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New Study Explores Video Game Addiction Rates

Michigan Ross professor and PhD student explore video game addiction in new study

Using data from a top video game streaming service, Puneet Manchanda, Isadore and Leon Winkelman Professor of Marketing, and PhD student Bruno Castelo Branco challenge preconceived notions of high addiction rates in the video game-playing community. 

Building off Manchanda’s previous research on addiction, the research explores a video game addiction using data on actual gaming behavior in the real world. Previous research on the addiction rate of video games has focused on individual representations of addiction through surveys and questionnaires. Rather than looking at just time played as a key indicator for addiction, Manchanda and Branco explored the rates of consumption  – whether playing video games makes you play even more. 

In their exploration of the data from the computer game streaming platform Steam, Manchanda and Branco were able to look at consumption and addictive behavior objectively.

“To consider a person addicted, our definition is that playing video games makes you want to play video games even more,” shared Branco. “Our methodological approach allows us to test each individual’s behavior separately and come up with a share of people with addiction within the gamer population.” 

Using this definition, they found that depending on the type of video game, only 14.6-18.3% of their sample of 13,400 video gamers on Steam show signs of addictive consumption. As Manchanda and Branco noted, this may be a surprising statistic depending on an individual’s relationship to the video game industry.

“If I share this with some parents, they think, ‘It's way too low, right?’ But if I share this with gamers, they think, ‘Oh, it's ridiculously high. Your definition of addiction must be wrong,’” shared Manchanda. “I found a similar situation when I started researching gambling. First, [advocates] have to agree with the number. The problem, then, is the valence around the number. Is it a positive or a negative? And that depends on your worldview, experience, who you are, and whether you are a video game player.”

One particularly impactful finding was the negligible differences in the rates of addiction between types of video games. There are many critics of the new style of ‘battle royale’ games, such as Fortnite, Apex Legends, and Valorant. Casual observers believe that the games are intentionally designed to increase addiction with bright animation and increased free access.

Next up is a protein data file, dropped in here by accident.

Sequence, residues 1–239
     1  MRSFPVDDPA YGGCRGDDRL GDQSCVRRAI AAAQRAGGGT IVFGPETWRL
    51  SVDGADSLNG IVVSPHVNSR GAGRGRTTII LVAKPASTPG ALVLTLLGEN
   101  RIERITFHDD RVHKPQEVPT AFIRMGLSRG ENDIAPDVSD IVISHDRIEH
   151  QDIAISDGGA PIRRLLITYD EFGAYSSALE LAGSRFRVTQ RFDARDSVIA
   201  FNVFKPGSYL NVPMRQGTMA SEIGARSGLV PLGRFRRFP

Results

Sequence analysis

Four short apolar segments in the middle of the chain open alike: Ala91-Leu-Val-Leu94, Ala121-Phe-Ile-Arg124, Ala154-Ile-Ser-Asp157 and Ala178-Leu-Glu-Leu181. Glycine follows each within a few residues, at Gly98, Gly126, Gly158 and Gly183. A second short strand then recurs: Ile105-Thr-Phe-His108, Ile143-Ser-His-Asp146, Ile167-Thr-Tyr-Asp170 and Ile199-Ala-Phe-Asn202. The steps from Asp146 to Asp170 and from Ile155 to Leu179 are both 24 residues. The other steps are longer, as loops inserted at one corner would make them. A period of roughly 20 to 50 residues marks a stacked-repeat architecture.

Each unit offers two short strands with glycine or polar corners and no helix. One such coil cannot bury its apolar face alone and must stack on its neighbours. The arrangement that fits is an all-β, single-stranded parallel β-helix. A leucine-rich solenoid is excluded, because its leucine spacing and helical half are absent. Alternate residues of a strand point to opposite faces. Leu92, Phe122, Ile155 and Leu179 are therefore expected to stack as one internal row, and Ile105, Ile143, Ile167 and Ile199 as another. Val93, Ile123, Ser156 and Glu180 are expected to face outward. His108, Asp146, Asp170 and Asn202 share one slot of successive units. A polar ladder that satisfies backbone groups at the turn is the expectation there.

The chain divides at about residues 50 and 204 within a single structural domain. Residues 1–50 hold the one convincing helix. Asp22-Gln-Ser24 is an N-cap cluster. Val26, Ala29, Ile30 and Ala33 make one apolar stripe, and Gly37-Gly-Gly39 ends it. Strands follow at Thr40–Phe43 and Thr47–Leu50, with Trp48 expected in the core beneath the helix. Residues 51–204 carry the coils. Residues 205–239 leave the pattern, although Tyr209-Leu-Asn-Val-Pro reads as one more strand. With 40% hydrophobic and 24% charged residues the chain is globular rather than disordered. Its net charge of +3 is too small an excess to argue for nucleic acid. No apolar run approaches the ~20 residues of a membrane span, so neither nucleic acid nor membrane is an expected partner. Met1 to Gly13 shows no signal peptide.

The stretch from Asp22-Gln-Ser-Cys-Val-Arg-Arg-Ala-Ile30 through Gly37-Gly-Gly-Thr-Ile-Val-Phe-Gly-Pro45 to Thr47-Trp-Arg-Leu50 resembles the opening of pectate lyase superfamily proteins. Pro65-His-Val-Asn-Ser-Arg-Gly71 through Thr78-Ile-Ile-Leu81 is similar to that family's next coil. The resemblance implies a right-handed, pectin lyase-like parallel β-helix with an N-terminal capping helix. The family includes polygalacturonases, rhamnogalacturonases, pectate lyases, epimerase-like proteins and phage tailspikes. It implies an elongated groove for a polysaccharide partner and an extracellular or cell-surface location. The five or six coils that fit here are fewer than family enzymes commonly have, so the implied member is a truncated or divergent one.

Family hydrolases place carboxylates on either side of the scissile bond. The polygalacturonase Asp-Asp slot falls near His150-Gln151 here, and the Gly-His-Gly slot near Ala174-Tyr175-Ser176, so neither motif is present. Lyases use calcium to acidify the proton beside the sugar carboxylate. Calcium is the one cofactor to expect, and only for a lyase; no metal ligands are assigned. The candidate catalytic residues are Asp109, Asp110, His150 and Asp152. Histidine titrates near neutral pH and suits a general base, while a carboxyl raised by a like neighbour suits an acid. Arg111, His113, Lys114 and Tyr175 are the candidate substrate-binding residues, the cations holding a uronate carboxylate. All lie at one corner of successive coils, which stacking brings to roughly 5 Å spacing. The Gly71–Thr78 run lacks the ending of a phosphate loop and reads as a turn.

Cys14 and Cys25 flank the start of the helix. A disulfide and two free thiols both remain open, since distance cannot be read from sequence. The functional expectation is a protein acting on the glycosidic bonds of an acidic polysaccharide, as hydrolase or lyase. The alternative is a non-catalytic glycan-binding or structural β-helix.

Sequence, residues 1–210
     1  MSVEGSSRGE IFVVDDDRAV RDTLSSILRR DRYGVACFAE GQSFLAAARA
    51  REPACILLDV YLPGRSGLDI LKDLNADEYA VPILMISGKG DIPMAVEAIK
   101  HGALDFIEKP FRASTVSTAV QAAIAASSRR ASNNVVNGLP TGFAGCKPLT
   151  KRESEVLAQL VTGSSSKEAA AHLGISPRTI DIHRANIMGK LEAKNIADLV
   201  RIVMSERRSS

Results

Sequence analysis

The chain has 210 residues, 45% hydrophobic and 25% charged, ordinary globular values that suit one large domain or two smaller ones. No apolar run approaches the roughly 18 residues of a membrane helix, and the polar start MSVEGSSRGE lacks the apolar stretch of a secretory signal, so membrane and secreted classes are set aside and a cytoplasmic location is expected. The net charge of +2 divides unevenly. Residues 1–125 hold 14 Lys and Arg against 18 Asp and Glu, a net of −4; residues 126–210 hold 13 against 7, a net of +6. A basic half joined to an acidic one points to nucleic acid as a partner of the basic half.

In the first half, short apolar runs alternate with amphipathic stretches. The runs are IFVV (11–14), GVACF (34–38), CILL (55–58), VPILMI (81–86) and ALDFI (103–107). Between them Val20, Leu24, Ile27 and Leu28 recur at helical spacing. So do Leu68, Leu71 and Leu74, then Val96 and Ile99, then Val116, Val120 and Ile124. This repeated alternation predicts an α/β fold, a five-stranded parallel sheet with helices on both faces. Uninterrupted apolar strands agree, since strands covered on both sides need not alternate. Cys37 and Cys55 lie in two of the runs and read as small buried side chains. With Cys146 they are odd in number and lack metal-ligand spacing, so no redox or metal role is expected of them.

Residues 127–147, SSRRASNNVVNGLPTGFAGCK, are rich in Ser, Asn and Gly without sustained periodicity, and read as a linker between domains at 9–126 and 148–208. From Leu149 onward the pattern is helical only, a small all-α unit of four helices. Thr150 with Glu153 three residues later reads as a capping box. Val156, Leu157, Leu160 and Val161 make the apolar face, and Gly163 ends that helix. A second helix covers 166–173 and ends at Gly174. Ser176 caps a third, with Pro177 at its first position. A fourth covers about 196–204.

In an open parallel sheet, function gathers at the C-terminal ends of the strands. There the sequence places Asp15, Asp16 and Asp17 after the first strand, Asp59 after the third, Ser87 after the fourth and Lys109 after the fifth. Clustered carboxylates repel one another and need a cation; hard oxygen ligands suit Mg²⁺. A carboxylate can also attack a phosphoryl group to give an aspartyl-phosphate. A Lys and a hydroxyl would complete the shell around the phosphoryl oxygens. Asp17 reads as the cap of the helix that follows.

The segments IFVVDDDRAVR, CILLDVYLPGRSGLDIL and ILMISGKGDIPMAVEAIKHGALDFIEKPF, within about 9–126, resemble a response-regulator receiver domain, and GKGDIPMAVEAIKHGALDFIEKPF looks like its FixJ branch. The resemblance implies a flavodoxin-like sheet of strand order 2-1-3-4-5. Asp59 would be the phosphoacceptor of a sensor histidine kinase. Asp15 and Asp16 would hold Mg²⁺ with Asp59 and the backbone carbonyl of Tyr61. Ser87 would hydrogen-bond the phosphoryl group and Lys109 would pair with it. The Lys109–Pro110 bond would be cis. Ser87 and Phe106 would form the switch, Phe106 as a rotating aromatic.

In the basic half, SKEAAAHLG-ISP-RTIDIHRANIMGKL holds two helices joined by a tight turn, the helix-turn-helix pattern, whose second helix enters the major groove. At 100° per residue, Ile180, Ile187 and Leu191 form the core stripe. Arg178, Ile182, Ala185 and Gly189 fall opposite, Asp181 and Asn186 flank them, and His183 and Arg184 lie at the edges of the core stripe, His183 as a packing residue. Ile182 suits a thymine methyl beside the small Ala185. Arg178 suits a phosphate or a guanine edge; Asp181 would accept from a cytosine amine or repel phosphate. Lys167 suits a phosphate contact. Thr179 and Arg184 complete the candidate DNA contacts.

Manchanda and Branco shared that despite claims that some video games are purposefully designed to be addictive, they found that game characteristics are not strong predictors of addiction status.

“We look at the nuances of all the different types of games and try to correlate them with the addiction parameter, and we find that there isn’t a lot of correlation,” said Manchanda. “Based on our discussions with game designers, they all design games to be engaging. So perhaps one explanation is that all these games on Steam are meant to make you come back. So there's no differential advantage one game has over the other.” 

A better predictor of addiction is an individual’s predisposition to addictive consumption. In other words, video games are not inherently addictive because of certain design elements or genres. Rather, an individual’s specific needs are being met by video games in an addictive manner.

“While playing video games related to survival, RPG, single-player, and shooter are more correlated with addiction, game type explains very little of the addictive behavior,” shared Branco. “This suggests that addiction is mostly determined by person-specific traits.”

Additionally, the study found that the addictive subgroup of the gaming population had some unique features that separated them from the total population of gamers. For example, people classified as being addicted to video games, on average, own more games, have more friends on the platform, play longer sessions, and are more likely to purchase new games.

The questions of addictive consumption of video games, which Manchanda and Branco elucidate in their research, are ongoing. In their future research, Manchanda and Branco hope to explore avenues such as video games’ impact on rational versus irrational behavior, the ethics of video game marketing and advertising, the particular design traits of specific video games, and more.

The paper, Is Video Gaming Addictive?: An Empirical Analysis has been submitted for publication.

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